UK. According to
Countryaah, a foot-and-mouth disease epizooty broke out in
February when infected animals were found in a swing yard in
Essex, southern England. In an attempt to stop the spread of
the virus - which affects cows, pigs, sheep and goats - mass
slaughter was started by herds where infection was detected.
All transport of live animals was initially stopped and
people were urged to stay away from the countryside. Not
only did agriculture hit hard, but also the tourism
industry. The EU imposed a temporary export ban on live
animals, meat and milk products from the United Kingdom. Up
to and including September, 2,030 confirmed cases had been
found in various parts of the UK. In eight months, nearly
four million animals were killed. The carcasses were burnt,
causing concern that carcinogens such as dioxin would spread
through the smoke. Images of animals that were burned on
large bonfires were spread throughout the world. The last
case was discovered on September 30 at a farm in Cumbria.
Epizootin was estimated to have cost the UK between £ 800
and £ 2.4 billion.
As a result of the foot-and-mouth disease, the
parliamentary and municipal elections were held on June 7, a
month later than planned. Most judges assumed that Labor's
electoral victory was given and the electoral movement
became rather paralyzed. The Conservative Party and its
leader William Hague promised lower taxes, a more
restrictive asylum policy and claimed that Blair was trying
to trick the British into giving up the pound and joining
the EU's currency union. Both Labor and the Liberal
Democrats promised new investments in health care and
education. The Liberal Democrats were the only party to
advocate for a tax increase, while Labor said it was
prepared for increased cooperation with the private sector
in, for example. care. Labor's top politicians were accused
of avoiding ordinary voters who wanted to express their
dissatisfaction with, among other things, long care queues.
Labor won reassurance and received, with just under 42%
of the vote, 413 of the 659 seats. The Conservatives
received just over 32% of the vote and stayed on 166 seats.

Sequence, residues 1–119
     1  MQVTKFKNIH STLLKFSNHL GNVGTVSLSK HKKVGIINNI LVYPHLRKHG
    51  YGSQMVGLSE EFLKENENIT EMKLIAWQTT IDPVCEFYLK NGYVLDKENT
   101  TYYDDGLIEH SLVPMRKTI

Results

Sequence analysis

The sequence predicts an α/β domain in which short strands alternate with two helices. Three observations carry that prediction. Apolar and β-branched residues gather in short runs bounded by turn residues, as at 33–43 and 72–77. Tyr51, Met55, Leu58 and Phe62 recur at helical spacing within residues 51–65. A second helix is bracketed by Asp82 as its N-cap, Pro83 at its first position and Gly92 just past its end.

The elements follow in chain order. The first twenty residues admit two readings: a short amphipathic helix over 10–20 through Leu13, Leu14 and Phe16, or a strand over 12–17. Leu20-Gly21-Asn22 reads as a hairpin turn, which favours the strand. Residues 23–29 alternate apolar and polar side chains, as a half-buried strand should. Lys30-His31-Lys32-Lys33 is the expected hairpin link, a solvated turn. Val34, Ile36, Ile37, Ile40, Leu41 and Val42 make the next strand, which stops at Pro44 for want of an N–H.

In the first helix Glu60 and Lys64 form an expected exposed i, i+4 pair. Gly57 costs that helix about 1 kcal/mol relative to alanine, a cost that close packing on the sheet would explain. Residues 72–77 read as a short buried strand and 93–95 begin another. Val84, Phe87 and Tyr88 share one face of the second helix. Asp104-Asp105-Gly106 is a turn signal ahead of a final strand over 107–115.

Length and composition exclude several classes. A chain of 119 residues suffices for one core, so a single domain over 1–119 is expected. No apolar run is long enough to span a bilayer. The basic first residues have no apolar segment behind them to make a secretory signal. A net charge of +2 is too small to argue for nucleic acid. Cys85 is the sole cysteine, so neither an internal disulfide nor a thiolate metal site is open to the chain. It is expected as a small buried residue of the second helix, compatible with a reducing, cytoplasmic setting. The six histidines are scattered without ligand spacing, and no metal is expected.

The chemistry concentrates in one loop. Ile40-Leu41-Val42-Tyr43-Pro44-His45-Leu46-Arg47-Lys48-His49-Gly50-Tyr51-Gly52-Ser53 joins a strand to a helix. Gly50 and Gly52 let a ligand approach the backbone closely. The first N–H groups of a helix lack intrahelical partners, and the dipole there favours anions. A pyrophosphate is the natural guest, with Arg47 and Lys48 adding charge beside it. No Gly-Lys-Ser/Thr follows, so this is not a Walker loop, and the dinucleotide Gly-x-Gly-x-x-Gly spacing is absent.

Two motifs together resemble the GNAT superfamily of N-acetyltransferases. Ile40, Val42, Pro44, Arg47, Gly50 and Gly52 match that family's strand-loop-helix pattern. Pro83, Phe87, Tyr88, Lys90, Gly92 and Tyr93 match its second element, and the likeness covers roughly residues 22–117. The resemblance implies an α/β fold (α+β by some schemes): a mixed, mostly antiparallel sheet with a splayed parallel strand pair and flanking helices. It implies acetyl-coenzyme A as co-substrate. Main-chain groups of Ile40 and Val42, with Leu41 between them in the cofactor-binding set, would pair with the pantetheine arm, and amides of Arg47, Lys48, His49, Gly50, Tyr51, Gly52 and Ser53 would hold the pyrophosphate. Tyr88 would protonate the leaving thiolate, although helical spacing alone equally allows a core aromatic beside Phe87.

However, they did well in the municipal elections. The
Liberal Democrats supported almost 19% of the electorate and
passed with six seats to 52, which was seen as a success for
Charles Kennedy who made his first election as party leader.
After the election defeat, Hague resigned as party leader.
The battle over who would succeed him was between the
popular EU friend Kenneth Clark and the relatively unknown
Iain Duncan Smith from the party's right. For the first
time, all party members got to vote for their leader, and it
was Duncan Smith who took over after Hague in September.
Following the terrorist attacks against New York and
Washington on September 11, Britain was the strongest
country behind the United States. A special war cabinet was
set up in early October, and when the United States fought
against Afghanistan, British forces also participated.
The Labor government quickly passed a tightening of
terrorist legislation, which was approved by Parliament on
December 14. The new laws meant, among other things, that
the police were given the right to detain suspected foreign
terrorists indefinitely and that the British authorities
should have greater transparency in the finances of
different groups. Critics argued that the laws posed a
threat to civil liberties and rights. However, Parliament
had rejected a proposal that would make it a criminal
offense to "instill religious hatred". With the support of
the law, British police soon after arrested at least eight
people suspected of being involved in terrorist activities.
Britain was in the lead of the international peacekeeping
force to be sent to Afghanistan. Several hundred British
soldiers - of the promised 1,500 - were in Afghanistan
before the turn of the year.